It’s possible, though, that some consultants and broadcasters have drawn simplistic conclusions after quizzing viewers on a laundry list of topics. "When you say coverage of politics and government, look out," notes Jim Thistle, director of broadcast education at Boston University and a former TV executive. "[But] a lot of it depends on how you ask the question. If you say coverage of how the government is spending your money, you may get a higher response."
Obviously, the challenge of reinvigorating our political life extends well beyond journalism. Even though negative advertising has the long-term effect of discouraging political participation, Patterson cites as a larger factor generational change and the coming of age of young people, who, "according to Gallup, are the least interested, least informed, at least in the history of recorded polling. They grew up at a time where there was no great national cause to draw them into the arena. What they did see in the arena was a lot of scandal."
Taylor notes that political campaigns are inherently important since they can have a direct bearing on things — health, wealth, security, environment, education, and so on — that people do care about. The dramatic elements of character and plot make campaigns compelling, and the audience gets to choose the ending. "Yet somehow, when all of these elements are tossed into the broadcast-media blender, the whole concoction comes out as ‘ratings poison,’" Taylor notes in outlining the ABC’s pitch for free air time. "This is not merely a failure of politics; it is also a failure of journalism."
IT’S HARDLY coincidental that the ABC’s monograph features an epigram from James Madison, who warned, "Popular government without popular information, or the means of acquiring it, is but a prologue to a farce or a tragedy, or perhaps both. Knowledge will forever govern ignorance, and a people who mean to be their own governors must arm themselves with the power which knowledge brings."
The ABC is doing its part to spread knowledge by running a classic grassroots campaign to garner public support for the free-air-time proposal. It’s formed a national coalition with more than 50 groups, including the AFL-CIO, AARP, NAACP, and chapters of Common Cause and the League of Women Voters. The alliance’s Web site cites 10 steps that supporters can take, from simply talking up free air time in their community to e-mailing five friends the link to an interactive computer game in which a hapless candidate frantically chases campaign contributions before being gobbled up by a sharp-toothed television set (check it out at greedytv.org). And Taylor is barnstorming around the country pushing ABC’s proposal; in October, he stopped in Lexington to address an audience of about 300 people. "You have a status quo of incumbent members of Congress winning 98 percent of the time," he notes, prior to a stop in Rhode Island this week. "I think the answer is, this system is broken. The public knows it’s broken, elected officials know it’s broken. Sooner or later, this too will be fixed. It takes time to make the case. That’s what we’re doing now — we’re making the case."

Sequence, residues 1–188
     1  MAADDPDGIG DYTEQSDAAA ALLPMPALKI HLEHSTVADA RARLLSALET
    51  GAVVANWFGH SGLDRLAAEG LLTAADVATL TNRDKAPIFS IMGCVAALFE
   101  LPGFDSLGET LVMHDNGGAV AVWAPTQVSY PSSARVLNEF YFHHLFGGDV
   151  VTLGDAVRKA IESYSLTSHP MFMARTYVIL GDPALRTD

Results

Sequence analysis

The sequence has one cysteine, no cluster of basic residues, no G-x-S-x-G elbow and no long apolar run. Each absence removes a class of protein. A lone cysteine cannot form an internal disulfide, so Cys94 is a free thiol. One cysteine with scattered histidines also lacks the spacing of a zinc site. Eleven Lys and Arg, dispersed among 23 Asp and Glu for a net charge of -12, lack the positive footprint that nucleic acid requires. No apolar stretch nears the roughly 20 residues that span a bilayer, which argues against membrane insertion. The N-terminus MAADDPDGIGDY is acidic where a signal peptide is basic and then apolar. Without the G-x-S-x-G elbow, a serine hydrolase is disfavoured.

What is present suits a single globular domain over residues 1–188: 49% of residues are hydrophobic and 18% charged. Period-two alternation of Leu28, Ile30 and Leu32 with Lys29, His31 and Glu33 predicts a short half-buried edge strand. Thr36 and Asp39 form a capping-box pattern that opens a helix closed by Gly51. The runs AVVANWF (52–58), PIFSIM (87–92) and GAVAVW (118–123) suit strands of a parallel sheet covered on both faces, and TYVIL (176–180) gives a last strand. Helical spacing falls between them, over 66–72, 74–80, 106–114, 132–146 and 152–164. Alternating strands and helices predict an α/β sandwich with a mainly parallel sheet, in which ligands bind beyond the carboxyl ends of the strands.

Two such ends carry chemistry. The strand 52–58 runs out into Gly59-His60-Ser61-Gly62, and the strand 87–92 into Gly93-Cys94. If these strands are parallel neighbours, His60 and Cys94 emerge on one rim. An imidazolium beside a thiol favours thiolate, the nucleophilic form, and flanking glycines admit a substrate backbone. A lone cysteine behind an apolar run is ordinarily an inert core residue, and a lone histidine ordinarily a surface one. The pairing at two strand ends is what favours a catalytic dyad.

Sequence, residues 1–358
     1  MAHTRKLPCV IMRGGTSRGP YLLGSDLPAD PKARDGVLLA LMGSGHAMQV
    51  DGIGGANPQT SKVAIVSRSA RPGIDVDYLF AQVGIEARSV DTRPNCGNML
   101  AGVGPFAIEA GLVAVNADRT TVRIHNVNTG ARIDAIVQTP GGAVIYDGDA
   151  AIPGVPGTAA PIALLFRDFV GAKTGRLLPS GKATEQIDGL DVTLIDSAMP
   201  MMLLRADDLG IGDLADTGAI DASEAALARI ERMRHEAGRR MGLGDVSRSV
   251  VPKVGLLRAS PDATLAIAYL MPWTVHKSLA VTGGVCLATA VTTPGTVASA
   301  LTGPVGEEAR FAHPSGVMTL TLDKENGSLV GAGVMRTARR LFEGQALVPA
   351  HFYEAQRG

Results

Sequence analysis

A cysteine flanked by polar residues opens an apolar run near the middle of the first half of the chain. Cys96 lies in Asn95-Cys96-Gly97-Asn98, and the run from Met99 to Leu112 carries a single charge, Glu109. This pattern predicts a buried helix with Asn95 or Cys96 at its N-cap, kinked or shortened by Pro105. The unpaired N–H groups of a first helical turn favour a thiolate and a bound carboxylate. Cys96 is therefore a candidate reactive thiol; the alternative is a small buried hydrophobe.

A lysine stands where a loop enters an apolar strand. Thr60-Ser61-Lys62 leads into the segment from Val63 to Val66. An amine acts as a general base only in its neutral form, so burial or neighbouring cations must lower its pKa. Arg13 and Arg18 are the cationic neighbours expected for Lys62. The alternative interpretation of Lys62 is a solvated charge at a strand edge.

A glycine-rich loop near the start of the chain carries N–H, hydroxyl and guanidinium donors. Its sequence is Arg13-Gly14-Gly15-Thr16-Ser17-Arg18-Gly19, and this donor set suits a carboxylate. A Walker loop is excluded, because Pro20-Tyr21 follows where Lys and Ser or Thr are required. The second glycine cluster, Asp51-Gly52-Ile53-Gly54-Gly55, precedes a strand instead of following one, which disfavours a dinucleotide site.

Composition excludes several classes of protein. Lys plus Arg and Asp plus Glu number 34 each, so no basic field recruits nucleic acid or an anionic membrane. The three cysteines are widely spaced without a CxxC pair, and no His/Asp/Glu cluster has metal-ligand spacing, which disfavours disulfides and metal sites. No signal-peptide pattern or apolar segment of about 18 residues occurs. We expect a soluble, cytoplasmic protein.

In the meantime, for all the grousing heard locally about the just-ended gubernatorial campaign, local television coverage of the campaign was something of a model. The 6 p.m. newscasts of the Big Three network affiliates — WHDH (Channel 7), WCVB (Channel 5), and WBZ (Channel 4) — received grades of A in a recent survey by the Project for Excellence in Journalism; WHDH and WCVB’s 6 p.m. newscasts were rated among the best in the nation. The gubernatorial debates that aired locally and the variety of coverage on additional outlets — such as New England Cable News (NECN), WGBH, and WLVI (Channel 56) — show that, at least in Massachusetts in 2002, the public interest was relatively well-served. "I’ve always thought that anyone who gets all their news from television ought to be getting more elsewhere, but I think in this particular governor’s race, if a voter watched the debates and regularly watched TV news, they would have known enough to make an informed vote," says Andy Hiller, WHDH’s political editor. Voter participation climbed since the last gubernatorial election, from 57 percent to 63 percent, and, "when it’s all said and done, TV news was one component of the atmosphere that generated larger voter turnout, which I like."